Catholics in Brussels are protesting against plans to close the majority of the city's churches.
The Brussels Catholic diocese reportedly plans to merge parishes and close local churches, moving Sunday mass to larger central churches, according to French website riposte-catholique.
Catholics wrote a letter to Archbishop Jozef De Kesel and his auxiliary, Bishop Jean Kockerols, asking them to renounce the plans, saying the proposed closure of churches would mark "the end of parish life".
In total, 108 churches are at risk.
The letter, which has over 20 signatories, says: "In a context where the priority of all political and social leaders is to strengthen local services and neighborhood life, does not this pastoral policy appear out of step with the desire to witness to a Church and a God who want to be close to man and the poorest in the heart of daily and ordinary life?"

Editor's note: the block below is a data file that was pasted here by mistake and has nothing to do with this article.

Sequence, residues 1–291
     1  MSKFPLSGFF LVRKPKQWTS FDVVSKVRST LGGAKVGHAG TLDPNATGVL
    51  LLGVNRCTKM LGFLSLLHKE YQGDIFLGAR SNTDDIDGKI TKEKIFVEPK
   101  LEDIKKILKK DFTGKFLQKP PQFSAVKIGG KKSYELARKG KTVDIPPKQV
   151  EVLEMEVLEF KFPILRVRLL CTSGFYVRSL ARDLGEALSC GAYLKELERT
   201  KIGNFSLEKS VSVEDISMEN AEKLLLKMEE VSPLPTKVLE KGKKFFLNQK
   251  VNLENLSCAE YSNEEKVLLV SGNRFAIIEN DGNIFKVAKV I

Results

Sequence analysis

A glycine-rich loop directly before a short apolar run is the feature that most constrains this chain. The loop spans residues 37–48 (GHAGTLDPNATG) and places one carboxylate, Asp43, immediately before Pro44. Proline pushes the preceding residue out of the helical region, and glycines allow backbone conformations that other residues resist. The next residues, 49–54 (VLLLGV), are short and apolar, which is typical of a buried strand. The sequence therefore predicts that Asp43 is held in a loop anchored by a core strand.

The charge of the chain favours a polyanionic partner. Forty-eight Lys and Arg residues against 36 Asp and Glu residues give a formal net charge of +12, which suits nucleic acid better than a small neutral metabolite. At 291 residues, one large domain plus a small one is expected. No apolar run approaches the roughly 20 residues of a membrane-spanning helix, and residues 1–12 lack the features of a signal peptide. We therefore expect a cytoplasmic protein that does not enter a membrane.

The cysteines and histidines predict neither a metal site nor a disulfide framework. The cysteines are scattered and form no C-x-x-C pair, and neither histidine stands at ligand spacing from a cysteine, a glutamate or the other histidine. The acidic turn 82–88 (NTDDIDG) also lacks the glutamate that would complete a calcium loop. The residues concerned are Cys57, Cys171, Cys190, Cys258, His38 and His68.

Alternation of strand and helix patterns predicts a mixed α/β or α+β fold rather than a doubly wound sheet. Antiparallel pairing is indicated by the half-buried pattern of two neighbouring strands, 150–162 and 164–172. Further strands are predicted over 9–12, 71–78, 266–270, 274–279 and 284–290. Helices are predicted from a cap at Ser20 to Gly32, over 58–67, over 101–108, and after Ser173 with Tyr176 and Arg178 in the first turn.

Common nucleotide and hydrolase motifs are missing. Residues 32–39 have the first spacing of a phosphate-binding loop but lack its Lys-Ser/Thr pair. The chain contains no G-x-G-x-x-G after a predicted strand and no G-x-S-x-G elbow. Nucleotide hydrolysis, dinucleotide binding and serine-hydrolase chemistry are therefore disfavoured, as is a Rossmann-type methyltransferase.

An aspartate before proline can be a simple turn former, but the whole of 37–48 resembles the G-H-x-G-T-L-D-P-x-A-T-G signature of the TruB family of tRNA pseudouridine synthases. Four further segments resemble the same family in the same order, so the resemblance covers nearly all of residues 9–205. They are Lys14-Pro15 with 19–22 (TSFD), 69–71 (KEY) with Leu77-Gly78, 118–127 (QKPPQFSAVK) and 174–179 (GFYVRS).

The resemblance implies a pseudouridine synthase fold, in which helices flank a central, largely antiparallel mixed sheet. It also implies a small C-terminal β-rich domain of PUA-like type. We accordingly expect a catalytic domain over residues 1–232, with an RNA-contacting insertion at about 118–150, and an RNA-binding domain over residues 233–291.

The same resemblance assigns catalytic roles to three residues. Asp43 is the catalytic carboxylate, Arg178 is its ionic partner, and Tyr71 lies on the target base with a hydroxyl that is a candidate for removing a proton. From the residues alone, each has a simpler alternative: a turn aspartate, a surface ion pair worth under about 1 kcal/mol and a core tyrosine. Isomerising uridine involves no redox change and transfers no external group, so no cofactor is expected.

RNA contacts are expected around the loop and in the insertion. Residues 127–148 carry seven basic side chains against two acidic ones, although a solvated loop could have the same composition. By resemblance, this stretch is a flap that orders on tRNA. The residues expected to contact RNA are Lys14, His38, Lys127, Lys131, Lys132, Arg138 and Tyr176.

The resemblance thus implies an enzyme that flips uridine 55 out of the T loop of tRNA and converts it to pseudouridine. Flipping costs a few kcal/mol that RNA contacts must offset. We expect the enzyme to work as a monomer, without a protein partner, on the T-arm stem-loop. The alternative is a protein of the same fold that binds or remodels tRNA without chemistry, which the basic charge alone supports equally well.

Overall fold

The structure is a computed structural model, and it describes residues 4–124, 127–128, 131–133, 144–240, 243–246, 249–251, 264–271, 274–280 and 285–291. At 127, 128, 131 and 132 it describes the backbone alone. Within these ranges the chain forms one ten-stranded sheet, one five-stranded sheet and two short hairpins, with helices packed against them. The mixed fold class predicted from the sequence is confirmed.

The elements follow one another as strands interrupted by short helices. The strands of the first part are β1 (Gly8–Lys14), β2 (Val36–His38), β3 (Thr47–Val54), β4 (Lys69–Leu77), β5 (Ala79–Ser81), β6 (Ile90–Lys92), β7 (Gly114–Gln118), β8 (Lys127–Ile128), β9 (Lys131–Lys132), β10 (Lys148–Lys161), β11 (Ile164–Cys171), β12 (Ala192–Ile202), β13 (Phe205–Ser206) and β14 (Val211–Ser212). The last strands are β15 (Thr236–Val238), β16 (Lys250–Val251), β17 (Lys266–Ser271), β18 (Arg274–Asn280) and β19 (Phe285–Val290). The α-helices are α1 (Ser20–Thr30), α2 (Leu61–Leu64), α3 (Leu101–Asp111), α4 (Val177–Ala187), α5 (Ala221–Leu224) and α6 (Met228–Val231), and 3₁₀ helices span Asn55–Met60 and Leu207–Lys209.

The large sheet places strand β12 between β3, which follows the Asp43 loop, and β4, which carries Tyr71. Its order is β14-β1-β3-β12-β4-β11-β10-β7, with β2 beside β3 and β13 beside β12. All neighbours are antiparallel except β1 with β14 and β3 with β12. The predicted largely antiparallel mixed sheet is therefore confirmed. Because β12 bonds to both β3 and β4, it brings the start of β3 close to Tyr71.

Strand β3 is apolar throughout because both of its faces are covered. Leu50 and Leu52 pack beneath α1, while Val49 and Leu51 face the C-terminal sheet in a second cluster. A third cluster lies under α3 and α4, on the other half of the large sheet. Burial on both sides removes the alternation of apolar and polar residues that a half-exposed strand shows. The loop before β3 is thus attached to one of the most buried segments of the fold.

The new strategy proposes "flagship churches" in strategic city locations with high quality services in order to increase attendance numbers.
This would suggest the Catholic Church is declining in Brussels, but the writers of the letter quoted statistics pointing to a rise in baptisms and seminarians in recent years.
"Is there a lack of succession? 55 seminarians for the Diocese of Malines-Brussels and the many foreign priests that drive foreign Catholic communities, this is doubtful," they wrote.
Instead they suggested the faithful might "mobilise all together" to create "a wonderful engine capable of revitalising the ecclesial fabric and a wonderful vehicle to announce all the Good News of Christ 'to the outskirts'.
"We can together transform the difficulties," they said.